Mr Spaceman From Canada, joined Mar 2001, 2780 posts, RR: 15 Posted (11 years 5 months 5 days 19 hours ago) and read 4630 times:
In the photos below of the TU-154, you can clearly see that the 2 side-mounted engines are angled so that their tailpipes are pointed inward toward the fuselage. Why is this done? Is it for aerodynamic reasons that involve the direction of engine thrust, such as directional stability? Could it be for mechanical reasons?
Also, do any airliners that have only wing mounted engines such as the 747, 777, A320, A340 etc, have their engines mounted on an angle? Or even an L-1011 or DC-10...are their wing mounted engines on an angle?
Mr Spaceman From Canada, joined Mar 2001, 2780 posts, RR: 15 Reply 4, posted (11 years 5 months 5 days 17 hours ago) and read 4452 times:
Hi guys. Thanks for your replies.
>VC-10, like always, you are a great source of info. OK, the inboard engines of a 747 are canted 3 degrees in order to catch the "Bow Wave". I suspect you mean the "front" of the engines are angled inward because a bow wave sounds like a wave of airflow which would be flowing rearward off the nose. Could I be correct? And if so...are the inboard engines set up differently than the outboard ones, because of this bow wave?
Here's a cool pix showing a 747's profile from below. You can almost see the 3 degress...I think.
>Mandargb, I believe you are "right on the money" regarding your observations of the horizontal angle of the engines on MD-80's It looks to me like the front of the engines are angled upward a few degrees.
Here's some photos that clearly show the different angle between the fuselage and the engines.
Goldenshield From United States of America, joined Jan 2001, 5438 posts, RR: 12 Reply 6, posted (11 years 5 months 5 days 12 hours ago) and read 4388 times:
I have read this somewhere else, but the reason why the the engines on the 727, and Dc-9 series are angled upwards is so that the intake does not get the spoiled air off the wings, when at a relatively high AoA.
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Mr Spaceman From Canada, joined Mar 2001, 2780 posts, RR: 15 Reply 8, posted (11 years 5 months 5 days 1 hour ago) and read 4344 times:
I had a feeling the engines were canted inward for aerodynamic reasons such as directional stability (around the vertical axis).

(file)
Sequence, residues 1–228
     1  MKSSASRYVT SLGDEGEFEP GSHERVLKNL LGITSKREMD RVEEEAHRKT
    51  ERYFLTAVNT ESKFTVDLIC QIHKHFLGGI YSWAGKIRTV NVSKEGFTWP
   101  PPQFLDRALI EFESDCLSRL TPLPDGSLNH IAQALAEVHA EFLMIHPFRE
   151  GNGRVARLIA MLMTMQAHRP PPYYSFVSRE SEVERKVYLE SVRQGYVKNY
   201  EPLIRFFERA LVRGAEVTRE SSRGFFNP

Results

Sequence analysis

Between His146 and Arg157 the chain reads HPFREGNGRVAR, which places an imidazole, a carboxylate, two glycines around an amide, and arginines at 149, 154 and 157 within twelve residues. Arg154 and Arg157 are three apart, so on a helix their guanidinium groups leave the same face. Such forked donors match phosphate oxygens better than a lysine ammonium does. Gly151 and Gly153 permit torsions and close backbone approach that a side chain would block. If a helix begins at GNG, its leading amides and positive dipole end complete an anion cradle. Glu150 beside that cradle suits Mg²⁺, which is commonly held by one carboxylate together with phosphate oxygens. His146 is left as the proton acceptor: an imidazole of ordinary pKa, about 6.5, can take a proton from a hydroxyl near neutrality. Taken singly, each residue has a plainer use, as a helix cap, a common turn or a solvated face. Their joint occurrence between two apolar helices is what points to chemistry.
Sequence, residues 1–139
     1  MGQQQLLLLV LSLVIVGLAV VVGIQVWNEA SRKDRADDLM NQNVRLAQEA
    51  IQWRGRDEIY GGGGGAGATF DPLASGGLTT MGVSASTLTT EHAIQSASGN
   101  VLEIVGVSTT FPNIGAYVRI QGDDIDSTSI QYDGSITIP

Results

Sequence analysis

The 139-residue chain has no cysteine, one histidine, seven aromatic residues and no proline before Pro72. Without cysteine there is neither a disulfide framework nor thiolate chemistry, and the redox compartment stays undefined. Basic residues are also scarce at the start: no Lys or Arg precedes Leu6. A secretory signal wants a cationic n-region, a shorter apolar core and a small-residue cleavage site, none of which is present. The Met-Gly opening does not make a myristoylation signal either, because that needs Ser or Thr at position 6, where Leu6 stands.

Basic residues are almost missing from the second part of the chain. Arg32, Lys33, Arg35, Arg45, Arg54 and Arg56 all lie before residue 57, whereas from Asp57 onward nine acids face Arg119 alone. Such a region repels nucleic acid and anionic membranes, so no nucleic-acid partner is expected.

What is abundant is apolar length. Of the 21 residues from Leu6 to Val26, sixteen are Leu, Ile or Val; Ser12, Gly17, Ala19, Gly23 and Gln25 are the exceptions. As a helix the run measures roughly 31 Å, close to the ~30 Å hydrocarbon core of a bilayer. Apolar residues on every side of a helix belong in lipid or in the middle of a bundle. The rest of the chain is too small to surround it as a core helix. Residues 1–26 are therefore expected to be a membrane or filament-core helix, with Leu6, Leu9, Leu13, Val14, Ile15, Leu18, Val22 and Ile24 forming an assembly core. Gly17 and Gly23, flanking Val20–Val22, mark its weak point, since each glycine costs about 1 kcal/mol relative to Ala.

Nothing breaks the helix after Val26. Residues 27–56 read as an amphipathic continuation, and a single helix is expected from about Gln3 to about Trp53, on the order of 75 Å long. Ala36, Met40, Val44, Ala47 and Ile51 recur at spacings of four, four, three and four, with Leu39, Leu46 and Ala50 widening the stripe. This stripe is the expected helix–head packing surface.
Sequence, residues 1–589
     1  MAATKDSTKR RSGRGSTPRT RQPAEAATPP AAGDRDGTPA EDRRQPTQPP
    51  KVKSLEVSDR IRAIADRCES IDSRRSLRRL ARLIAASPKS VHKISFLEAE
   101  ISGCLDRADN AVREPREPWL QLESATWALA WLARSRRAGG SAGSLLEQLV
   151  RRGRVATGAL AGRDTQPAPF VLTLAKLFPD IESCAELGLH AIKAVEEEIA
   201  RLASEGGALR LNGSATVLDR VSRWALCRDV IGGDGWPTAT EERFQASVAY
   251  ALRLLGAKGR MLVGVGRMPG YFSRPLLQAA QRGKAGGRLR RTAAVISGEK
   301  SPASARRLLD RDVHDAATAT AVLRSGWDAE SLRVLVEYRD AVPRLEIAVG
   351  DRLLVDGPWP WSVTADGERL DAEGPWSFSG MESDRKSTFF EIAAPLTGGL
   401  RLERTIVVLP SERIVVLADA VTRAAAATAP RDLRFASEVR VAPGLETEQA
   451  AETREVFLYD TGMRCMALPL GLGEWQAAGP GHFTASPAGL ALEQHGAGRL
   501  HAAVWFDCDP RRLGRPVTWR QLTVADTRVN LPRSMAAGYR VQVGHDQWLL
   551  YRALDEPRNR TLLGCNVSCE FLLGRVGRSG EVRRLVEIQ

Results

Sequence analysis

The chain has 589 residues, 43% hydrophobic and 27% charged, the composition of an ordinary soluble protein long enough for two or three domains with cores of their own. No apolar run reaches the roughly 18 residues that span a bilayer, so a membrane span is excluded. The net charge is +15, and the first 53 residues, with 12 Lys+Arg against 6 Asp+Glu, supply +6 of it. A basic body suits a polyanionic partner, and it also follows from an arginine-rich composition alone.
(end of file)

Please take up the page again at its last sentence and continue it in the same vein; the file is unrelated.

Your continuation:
In the photos below of some CRJs, you can see that the engines are indeed canted inward just a little. It also appears that they are angled horizontally so that the intake is a bit higher than the exhaust.
VC-10 From United Kingdom, joined Oct 1999, 3677 posts, RR: 37 Reply 9, posted (11 years 5 months 4 days 20 hours ago) and read 4326 times:
Looking at my course notes both the inbd & otbd 747 nacelles are canted in 2 degs to pick up the bow wave.
On the VC10 in an effort to reduce the unexpectedy high drag encountered during flight testing, the Super VC10 engine nacelles were attached to the fuslage at a 3 deg nose up angle and the stub wing span increased to get the inbd engine intakes out of the 11 inch thick boundary layer in that area.
TimT From United States of America, joined Jun 2001, 168 posts, RR: 0 Reply 12, posted (11 years 5 months 4 days 16 hours ago) and read 4286 times:
Here's another tidbit-- the DC-10 likes to fly between 3 and 5 degrees nose up. Not sure about the others, but I suspect the same thing. If that's the case, the engineering department canted the engines so they are "square" to the airflow. I know that on a ground runup, it's a really bad idea to pull high power without being pointed into the wind. Makes exciting things happen. (including getting yelled at)
Jetguy From , joined Dec 1969, posts, RR: Reply 13, posted (11 years 5 months 4 days 16 hours ago) and read 4285 times:
One more tidbit you you guy that are interested in Learjets. On all but the earliest tip-tanked models the tip tanks are canted downward 3 degrees (as I remember) to keep them square with the world during crusing flight at altitude. One of the explinations that I remember from one of my type rating ground schools regarding the outward canting of the engines (as seen from the front) was to minimize the rudder forces required in the case of engine loss. Whether or not that's a valid reason, I honestly don't know but it sounds good and does make some sense. It's common to mount the engines on larger sengle-engine aircraft with a significant cant. Next time you get a chance go look at a late model Bonanza. It will really surprise you. You'd think the airplane would fly sideways through the air.